… N100 holds no weight at bus stations
When many in Lagos, Nigeria and the globe exchanged the pleasantries with innovative emojis of “Happy New Year – 2020” on Wednesday January 1, not many envisaged it as a year infiltrated by a pandemic or virus. Hence, the plight of 2020 won’t be forgotten so swiftly.
Consequently, almost everyone, company and institutions have tuned in to the many changes: use of discomforting nose masks and face shields, hand santisers, social and physical distancing. While Lagosians may be feigning smiles, the growing hike in bus fares is sapping them financially into suffering.
No doubt, several companies neither increased salaries nor became generous towards workers to ameliorate their pains. Rather a handful of workers were laid off across Lagos state, Nigeria, and the world.
Sadly, besides the inflation in prices of foodstuff among other essentials, there is the rapid and varying prices in bus fares across Lagos.
Indeed, there are garages and buses in every nook and cranny of the state. Where there are no buses, there definitely will be tricycle or commercial motorcycle known as okada. Popular areas plied are: Badagry, Okuafo, Agbara, Okoko, Iyana-Iba, Mile 2, Orile, Costain, CMS, Victoria Island, Ikoyi, Lekki, Ajah, Epe and Eleko and beyond. Others are: Egbeda, Iyana-Ipaja, Ikeja-along, Oshodi and beyond.
New bus fare prices making waves
Owing to COVID-19, fare from Agbara to Mile 2 now costs a princely N500 from its initial considerable N250 with three commuters on each seat roll. From Iyana-Era to Mile 2 now costs N400 rather than the N200 commuters were accustomed to. Fare from Orile to CMS can be seen at N200 no longer N100.
Of course, while fare from CMS to Iyana-Iba costs N500 now from its 300 naira with three commuters on each seat, Orile to Agbara is no longer N300 but N500 with three on each seat. Iyana-Iba to Agbara officially rockets to N300 from N150 it was. The rigid price list goes on to compound Lagosians’ financial burden.
Commuters frown at new price
A female passenger sitting alongside two others on the last seat of the bus complained when the driver decided to carry the fourth commuter. “After paying all that money to Mile 2, you want to load four people here. You will give me back my money now now,” she ranted.
Another one countered in a monosyllabic manner, “We have no choice. Let’s just get to Mile 2 and go our way”, she advised.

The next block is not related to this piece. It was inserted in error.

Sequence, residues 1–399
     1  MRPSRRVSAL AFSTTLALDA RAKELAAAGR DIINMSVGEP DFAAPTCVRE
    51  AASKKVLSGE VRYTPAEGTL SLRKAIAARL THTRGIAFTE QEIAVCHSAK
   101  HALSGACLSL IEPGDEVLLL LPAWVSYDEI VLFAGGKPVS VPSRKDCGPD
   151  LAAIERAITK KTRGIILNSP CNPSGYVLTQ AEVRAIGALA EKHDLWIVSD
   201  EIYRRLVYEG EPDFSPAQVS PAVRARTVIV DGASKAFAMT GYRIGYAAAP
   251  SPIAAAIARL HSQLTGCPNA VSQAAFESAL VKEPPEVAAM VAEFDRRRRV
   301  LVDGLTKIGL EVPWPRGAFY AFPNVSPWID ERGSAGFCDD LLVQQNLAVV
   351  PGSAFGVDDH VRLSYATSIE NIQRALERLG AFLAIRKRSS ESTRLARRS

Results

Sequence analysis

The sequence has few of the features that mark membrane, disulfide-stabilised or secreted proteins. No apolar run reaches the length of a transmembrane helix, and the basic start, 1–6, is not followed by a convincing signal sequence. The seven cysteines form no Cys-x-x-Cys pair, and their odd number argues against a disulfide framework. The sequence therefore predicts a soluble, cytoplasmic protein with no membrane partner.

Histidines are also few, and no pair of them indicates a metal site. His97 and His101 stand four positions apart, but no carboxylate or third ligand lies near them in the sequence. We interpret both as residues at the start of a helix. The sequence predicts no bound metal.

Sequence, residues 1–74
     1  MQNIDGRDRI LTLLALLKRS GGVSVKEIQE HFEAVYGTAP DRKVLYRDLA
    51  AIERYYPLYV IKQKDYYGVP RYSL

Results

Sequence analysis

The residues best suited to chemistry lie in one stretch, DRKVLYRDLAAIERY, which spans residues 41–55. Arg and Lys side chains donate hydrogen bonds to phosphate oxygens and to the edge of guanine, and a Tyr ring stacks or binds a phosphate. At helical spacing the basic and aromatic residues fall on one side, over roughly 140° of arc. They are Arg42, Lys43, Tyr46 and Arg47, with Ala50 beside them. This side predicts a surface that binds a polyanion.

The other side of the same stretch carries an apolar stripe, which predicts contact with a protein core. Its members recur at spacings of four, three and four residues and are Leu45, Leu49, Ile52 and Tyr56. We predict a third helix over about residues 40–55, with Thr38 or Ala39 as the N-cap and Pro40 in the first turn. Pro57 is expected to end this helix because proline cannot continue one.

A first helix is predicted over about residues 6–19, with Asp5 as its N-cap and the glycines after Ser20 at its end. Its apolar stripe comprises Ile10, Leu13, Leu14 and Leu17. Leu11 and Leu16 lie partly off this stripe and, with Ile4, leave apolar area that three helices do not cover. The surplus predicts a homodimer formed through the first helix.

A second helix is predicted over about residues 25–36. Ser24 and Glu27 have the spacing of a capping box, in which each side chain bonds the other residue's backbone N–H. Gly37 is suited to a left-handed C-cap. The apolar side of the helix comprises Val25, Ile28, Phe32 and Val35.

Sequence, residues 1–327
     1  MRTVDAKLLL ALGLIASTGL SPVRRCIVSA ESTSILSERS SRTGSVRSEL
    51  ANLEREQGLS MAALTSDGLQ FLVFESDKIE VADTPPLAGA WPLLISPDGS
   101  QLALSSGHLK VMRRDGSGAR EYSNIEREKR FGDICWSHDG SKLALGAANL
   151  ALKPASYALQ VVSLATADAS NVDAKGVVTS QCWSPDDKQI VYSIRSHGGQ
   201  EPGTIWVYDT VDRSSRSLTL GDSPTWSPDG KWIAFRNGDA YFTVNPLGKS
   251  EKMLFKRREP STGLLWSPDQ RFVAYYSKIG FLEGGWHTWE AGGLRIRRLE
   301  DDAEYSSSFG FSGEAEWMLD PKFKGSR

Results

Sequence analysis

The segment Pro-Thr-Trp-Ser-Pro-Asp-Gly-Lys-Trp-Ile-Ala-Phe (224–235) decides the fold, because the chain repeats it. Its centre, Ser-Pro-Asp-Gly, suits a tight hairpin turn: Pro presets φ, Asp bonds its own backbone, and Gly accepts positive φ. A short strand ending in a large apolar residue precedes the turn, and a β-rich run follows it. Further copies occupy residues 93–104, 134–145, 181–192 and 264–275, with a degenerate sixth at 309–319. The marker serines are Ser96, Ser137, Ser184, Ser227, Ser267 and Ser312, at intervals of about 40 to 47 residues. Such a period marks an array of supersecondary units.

Another female passenger carrying a little boy vented in an acrid manner. “This money I’m paying is pinching me inside. This thing is bad. All my money has finished. I can’t even buy anything in traffic for my son”, she beefed.
Sadly, that is not all. Buses loading at First Gate en route Egbeda and Iyana-Ipaja now takes twice its price before the advent of COVID-19. It is now N400 whether you choose to alight at Egbeda or continue to exhaust your whooping N400.
While Egbeda to Ikeja along is now N300 from N150 with three on each seat, buses loading Iyana-Iba at Ikeja charges N500 which was N300. Also, from Iyana-Ipaja to Toll Gate now costs N400 rather than the N150 commuters used to pay.
N100 holds no weight at bus stations
With this then, there is no gainsaying that N100 currency is gradually losing its shape and respect to others who are riding over it and Lagosians are being overburdened financially.
Although the fare has increased, not all bus conductors and drivers comply with the Lagos state government’s directives since the lift of ban on lockdown. According to the state government, all buses and commuters must use face masks and physical distancing.
Interestingly, some bus conductors abuse the privilege of physical distancing to surge bus fare. Once vehicles have driven through where there are officials of LASTMA, some conductors and drivers add more passengers – one to each roll to make it four seaters.
Indeed, this was the rapport between two mid 50s bus conductors steering the affairs of a big Volkswagen LT bus loading from Orile to Okuafo. While the vehicle was on route Mile 2, one advised the other to make the seats four when the bus arrived at Mile2 and saw the crowd scampering for vehicles. “LASTMA is in front” he spoke in pidgin English. The other one advised him so after seeing how comfortably commuters sat.
No nose masks no bus entry
Surprisingly, nose masks is as important as your money if you must enter any bus. Despite, the face mask being a ticket for entry, commuters, conductors and drivers are all guilty when it comes to face masks wearing.
When the vehicle is approaching where police officers or LASTMA officials are stationed, the drivers blew the whistles and the conductors chorus it. Immediately, commuters would be seen unanimously wearing their face masks, which was adorning their necks, chins and purses. How hilarious!
Lagosians wish to return to 2019 or Leap
Ultimately, 2020 will for ever be a year to remember for many things like COVID-19, lockdown, social and physical distancing, fashion nose masks and face shields, hand sanitisers, loss of jobs, crime, hunger and a handful of others.
Indeed, the increase in bus fare may be moderate to some, it is likely costing many Lagosians a pretty penny. As some blame it on lockdown, a few say it is COVID-19 pandemic whereas a host of others either wish to return to 2019 or leap to 2020.Follow us on social media